Producers gathered from around the state Monday, Dec. 6, 2021 in Choteau to learn about five different types of guard dogs. The workshop, “Using Dogs to Reduce Conflicts in Rangeland Settings” was hosted by Rocky Mountain Front Ranchlands Group and Western Landowners Alliance.
Recently, the Rocky Mountain Front (RMF) Ranchlands Group was formed to address shared challenges to the landscape, the most pressing of which is increasing conflicts between grizzly bears and livestock in the private and public lands of the region. The budding collaborative is a landowner-led effort that strives to support, maintain, and protect the livelihoods of those that ranch and farm on the Front, while seeking solutions to maintain space for the region’s wildlife.
“We need a collective voice to address issues on the landscape,” Trina Jo Bradley, livestock producer, co-founder and executive director of the RMF Ranchlands Group, said. “So many people in the world are too far removed from agriculture, and they need to be reminded of its importance. One of the goals of this group is to share our stories, struggles, and triumphs with the world so they have a better understanding of what life in the west is really like.”
To kick off their advocacy efforts, the RMF Ranchlands Group teamed up with the Western Landowners Alliance (WLA) to explore the diverse applications for using dogs to protect livestock and human safety on the Front.
“Dogs are a versatile tool for reducing conflicts in multiple rangeland settings: from the yard, to the pasture, to the open range,” said Mathew Collins, WLA’s Working Wild Challenge associate. “Yet, choosing the correct breed to fit your specific context and needs can be challenging.”
In order to highlight the diversity of uses for dogs to reduce conflict with wildlife, presentations and informal table conversations offered opportunities for producers to get to know multiple dog breeds and their owners and handlers. Speakers highlighted their experiences with guard and pursuit dogs (Airedale Terriers, Karelian Bear Dogs), directed dogs (Catahoulas), and livestock guardian dogs (Turkish Boz, Turkish Kengal, Komondor, Akbash, Anatolian Shepherd) to reduce conflicts with grizzly bears and wolves on working lands.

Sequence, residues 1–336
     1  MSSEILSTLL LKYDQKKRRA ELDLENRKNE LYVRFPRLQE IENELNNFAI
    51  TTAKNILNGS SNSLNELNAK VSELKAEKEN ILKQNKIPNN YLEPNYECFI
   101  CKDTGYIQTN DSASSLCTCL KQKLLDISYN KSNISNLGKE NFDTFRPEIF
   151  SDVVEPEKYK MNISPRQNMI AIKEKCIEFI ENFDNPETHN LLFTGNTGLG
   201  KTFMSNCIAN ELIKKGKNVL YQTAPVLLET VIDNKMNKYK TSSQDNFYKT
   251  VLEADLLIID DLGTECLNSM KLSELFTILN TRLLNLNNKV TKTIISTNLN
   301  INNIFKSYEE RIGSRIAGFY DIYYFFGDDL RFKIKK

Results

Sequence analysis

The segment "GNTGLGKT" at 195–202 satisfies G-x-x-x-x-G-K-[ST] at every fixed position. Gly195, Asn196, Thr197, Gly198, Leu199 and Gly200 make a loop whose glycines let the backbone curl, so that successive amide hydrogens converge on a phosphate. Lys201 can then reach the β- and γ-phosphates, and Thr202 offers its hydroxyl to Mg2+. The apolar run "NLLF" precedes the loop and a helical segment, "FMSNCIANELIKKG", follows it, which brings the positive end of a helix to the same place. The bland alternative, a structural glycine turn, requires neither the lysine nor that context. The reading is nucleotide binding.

Producers were also able to hear a presentation by Jared Beaver, wildlife specialist for Montana State University. Beaver talked about using technology to assist producers with wildlife control and quicker discovery of depredations. For more information, contact Beaver at firstname.lastname@example.org.
George Edwards from the Livestock Loss Board talked about the new grant application that LLB has for 2022, as well as loss prevention toolkits and an explanation of what exactly the Livestock Loss Board does for producers. For more information, visit www.llb.mt.gov.
“Producers all over the west have a bigger reach and a bigger voice if they work together,” said Bradley. “In planning this meeting, we have addressed the needs of livestock producers on the Front, while also setting the stage for more conversations and actions to come, which will benefit producers everywhere.”
This workshop was made possible by a grant from Vital Ground, as well as sponsorships from Marias River Livestock Association, MSU Extension, the Pondera County High School Rodeo Team, and First Bank of Montana.
For more information about the Rocky Mountain Front Ranchlands Group, visit www.rockymountainfrontranchlands.org. For more information on Western Landowners Alliance, visit westernlandowners.org.